Thu Feb 10 17:33:00 GMT 2011
On 02/09/2011 05:43 PM, Eric Blake wrote:
>> Shoot - I missed another POSIX requirement:
>> "The implementation shall behave as if no function defined in this
>> volume of POSIX.1-2008 calls strerror( )."
> Reading further, POSIX states the reason for that requirement:
> "Historically in some implementations, calls to perror( ) would
> overwrite the string that the pointer returned by strerror( ) points to."
Proposal: would anyone object if I changed the semantics of
_user_strerror? Right now, it is documented as:
char *_user_strerror(int errnum);
where errnum is unhandled by newlib proper, and the result is NULL if
the hook also declines handling, or an alternate string used directly
(therefore, one can write _user_strerror to provide "unknown error %d"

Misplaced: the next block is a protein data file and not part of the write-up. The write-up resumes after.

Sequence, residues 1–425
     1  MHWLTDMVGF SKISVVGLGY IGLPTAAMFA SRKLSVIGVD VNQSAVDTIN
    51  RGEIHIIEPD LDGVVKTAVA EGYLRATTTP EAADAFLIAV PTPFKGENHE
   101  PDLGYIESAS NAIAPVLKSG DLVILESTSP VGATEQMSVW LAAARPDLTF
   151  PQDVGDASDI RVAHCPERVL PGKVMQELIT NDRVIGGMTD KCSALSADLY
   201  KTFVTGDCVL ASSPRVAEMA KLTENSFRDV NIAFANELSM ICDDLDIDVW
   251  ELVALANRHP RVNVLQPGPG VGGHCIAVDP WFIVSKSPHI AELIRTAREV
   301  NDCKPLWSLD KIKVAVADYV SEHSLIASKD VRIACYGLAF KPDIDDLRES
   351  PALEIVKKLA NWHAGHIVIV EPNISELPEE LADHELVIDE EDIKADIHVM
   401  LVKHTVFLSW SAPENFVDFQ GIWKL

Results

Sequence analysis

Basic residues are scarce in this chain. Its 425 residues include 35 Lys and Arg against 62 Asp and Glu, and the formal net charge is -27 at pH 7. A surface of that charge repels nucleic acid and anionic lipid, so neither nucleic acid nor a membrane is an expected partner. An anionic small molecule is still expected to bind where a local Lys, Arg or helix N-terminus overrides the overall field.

formatting into thread-safe storage). However, this means that use of
_user_strerror either renders perror() non-compliant, since
_user_strerror reuses the same storage on each call, or that it is a
memory leak with _user_strerror returning new storage on each call. I'm
proposing that we change the signature of the hook to:
char *_user_strerror(int errnum, int from_strerror)
where the from_strerror argument is 0 for all callers except strerror().
I'm also proposing adding _strerror(int errnum, int strerror) which all
other newlib clients (such as perror()) will call as _strerror(err,0),
but strerror() will call as _strerror(err,1).
ABI wise, existing implementations of _user_strerror that take one
argument will ignore the second argument, so it is a backward-compatible
API change. Meanwhile, this would allow others to implement
_user_strerror in such a way that keeps the rest of newlib
POSIX-compliant - returning two different banks of storage depending on
the from_strerror argument, so that no other function overwrites the
bank of storage returned by strerror(); it would also allow strerror()
to set errno to EINVAL via _user_strerror while leaving errno untouched
Eric Blake email@example.com +1-801-349-2682
Libvirt virtualization library http://libvirt.org
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